Monthly Archives: July 2016

Underride Roundtable led to Consensus Underride Recommendations for Submission to NHTSA

Following the successful Underride Roundtable on May 5, 2016, a group of thirteen people pulled together a Consensus Comment for submission to NHTSA for their consideration.

Today, I emailed this document to the nearly 100 people who attended the roundtable — inviting them to read and sign this set of recommendations for the current rear underride rulemaking on semi-trailers.

Thank you again for participating in the Underride Roundtable hosted by the IIHS on May 5, 2016.

As a follow-up to that successful event, a subsequent meeting, to which you all were invited, took place on June 24 at the IIHS offices in Arlington, Virginia. A smaller group participated in that meeting and were able to put together a Consensus Document which we will be submitted to NHTSA as a Public Comment.

Here is a post with a report on that meeting: Knights of the Underride Roundtable: Finding Some Common Ground to Protect Travelers!

NHTSA has indicated to me that they, “look forward to your recommendations and encourage your continued submissions to the public dockets on NHTSA’s rulemakings on truck underride safety, specifically Docket No. NHTSA-2015-0070 for NHTSA’s rear underride protection for single-unit trucks. . . and Docket No. NHTSA-2015-0118 for NHTSA’s rear underride protection for semi-trailers. . . As with all of our public proceedings, we will give all comments full consideration to help inform our next actions.”

The Consensus Document specifically addresses the NPRM for semi-trailers. Please review the attached document and, if you agree with the Consensus Recommendations and would like to add your name to this document, please let me know by August 6, 2016. I will be submitting this as a Public Comment at the end of that day.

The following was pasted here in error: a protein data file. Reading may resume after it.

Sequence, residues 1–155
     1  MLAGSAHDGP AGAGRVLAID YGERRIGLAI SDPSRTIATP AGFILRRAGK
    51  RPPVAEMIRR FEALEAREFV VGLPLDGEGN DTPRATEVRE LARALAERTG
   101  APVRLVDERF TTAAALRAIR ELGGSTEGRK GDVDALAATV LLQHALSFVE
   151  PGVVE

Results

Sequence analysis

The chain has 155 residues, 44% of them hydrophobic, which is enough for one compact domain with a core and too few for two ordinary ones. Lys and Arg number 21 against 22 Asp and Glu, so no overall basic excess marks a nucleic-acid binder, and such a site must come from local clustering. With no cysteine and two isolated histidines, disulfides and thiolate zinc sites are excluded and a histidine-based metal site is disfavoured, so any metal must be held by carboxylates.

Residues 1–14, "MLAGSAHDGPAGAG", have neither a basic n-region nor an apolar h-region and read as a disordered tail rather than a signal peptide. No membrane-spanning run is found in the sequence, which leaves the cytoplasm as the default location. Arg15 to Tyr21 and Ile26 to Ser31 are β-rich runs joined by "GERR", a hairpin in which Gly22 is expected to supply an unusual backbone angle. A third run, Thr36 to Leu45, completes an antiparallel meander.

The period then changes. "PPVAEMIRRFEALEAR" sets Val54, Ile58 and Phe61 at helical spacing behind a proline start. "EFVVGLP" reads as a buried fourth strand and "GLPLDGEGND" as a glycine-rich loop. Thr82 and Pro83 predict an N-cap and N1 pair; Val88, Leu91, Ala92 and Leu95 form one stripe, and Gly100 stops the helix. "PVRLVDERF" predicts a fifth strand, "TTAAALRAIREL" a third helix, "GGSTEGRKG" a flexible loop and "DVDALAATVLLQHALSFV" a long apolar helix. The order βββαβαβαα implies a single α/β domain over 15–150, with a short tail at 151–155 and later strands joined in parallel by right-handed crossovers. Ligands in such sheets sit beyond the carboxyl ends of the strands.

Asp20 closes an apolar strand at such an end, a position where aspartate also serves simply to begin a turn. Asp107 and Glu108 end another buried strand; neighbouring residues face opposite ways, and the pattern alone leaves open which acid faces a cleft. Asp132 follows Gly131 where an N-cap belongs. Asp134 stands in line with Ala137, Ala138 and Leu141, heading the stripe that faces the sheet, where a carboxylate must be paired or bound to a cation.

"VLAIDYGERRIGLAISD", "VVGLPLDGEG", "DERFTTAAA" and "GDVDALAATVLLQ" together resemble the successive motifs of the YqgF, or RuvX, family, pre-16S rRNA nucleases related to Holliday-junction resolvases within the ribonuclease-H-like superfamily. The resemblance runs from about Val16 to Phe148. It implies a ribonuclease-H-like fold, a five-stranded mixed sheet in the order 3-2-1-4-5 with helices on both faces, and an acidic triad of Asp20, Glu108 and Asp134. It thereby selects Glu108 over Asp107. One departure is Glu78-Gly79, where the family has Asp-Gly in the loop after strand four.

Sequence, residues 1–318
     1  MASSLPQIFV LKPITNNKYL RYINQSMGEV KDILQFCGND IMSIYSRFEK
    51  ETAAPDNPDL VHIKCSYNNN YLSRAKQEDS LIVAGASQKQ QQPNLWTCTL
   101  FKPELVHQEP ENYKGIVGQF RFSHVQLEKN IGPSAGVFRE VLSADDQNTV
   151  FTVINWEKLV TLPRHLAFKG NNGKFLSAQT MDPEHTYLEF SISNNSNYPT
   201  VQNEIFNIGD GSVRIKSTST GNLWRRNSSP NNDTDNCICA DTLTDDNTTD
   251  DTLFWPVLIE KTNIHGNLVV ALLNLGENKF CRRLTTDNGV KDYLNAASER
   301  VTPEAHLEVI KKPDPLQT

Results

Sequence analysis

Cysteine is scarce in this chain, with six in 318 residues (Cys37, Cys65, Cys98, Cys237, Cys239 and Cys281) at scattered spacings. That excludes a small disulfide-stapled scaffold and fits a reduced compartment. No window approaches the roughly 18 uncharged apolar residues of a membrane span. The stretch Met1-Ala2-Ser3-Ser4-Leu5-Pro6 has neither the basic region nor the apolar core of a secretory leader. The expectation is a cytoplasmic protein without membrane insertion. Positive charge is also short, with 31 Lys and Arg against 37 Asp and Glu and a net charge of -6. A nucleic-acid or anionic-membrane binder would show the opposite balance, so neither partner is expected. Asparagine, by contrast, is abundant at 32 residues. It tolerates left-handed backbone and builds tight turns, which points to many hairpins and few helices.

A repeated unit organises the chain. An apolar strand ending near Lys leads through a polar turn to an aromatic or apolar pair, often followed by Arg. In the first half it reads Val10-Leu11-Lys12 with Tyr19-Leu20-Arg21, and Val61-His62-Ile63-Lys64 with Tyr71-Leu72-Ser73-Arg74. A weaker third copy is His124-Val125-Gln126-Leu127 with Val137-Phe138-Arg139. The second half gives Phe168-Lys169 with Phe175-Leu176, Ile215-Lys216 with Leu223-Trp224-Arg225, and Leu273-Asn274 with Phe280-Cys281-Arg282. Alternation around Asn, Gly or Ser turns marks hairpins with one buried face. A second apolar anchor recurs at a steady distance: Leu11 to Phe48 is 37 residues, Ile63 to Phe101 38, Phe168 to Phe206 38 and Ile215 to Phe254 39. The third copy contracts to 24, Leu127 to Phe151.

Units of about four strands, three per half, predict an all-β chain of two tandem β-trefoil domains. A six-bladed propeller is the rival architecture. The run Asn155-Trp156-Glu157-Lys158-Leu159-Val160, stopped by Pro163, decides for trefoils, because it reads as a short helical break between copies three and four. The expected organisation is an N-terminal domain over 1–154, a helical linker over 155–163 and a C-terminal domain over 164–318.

I look forward to continued positive communication among us all.

p.s. Please read the attached Consensus Comment document, as well as the press release which is referred to in the document: Press Release: J.B. Hunt Transport Services, Inc. Orders 4,000 Trailers with New Rear Impact Guard Design

NOTE to non-engineers: This would make the NHTSA’s proposed rule stronger — yielding underride guards which should be able to withstand crashes at the outer edges of the trucks. Translation = Save More Lives

Here is the Consensus Document: Consensus Comment NPRM_ Docket No

I will welcome all signatures — whether you were able to participate in the Underride Roundtable or not.

Car Safety WarsMichigan 60 party and cemetery 039IMG_4465If only

Mary would have turned 17 on August 6.

“U.S. won’t mandate tech fix to prevent hot car deaths”

A Detroit News article from a year ago indicated that NHTSA — despite a mandate from Congress in 2012 to study the problem — had no plans to mandate technology to prevent hot car deaths.

A group called Kids and Cars noted that Congress granted NHTSA authority to study technological fixes in 2012 and called on NHTSA to take faster action. Senate Democrats this month introduced legislation that would direct NHTSA to conduct new research into the issue and “either commence a rule making within a year of completing the two-year research initiative or to submit a report to Congress on its reasons for not commencing such a rule making.”

NHTSA has been studying since 2011 the issue of whether after-market devices would be effective in preventing children from being left behind. No major automaker has added any in-vehicle technology to prevent children from being left behind. In a new report released Friday, NHTSA said its review of seven aftermarket products — including three unveiled last year — “offer product developers a set of testing applications that may be used to benchmark their designs and to improve system performance.”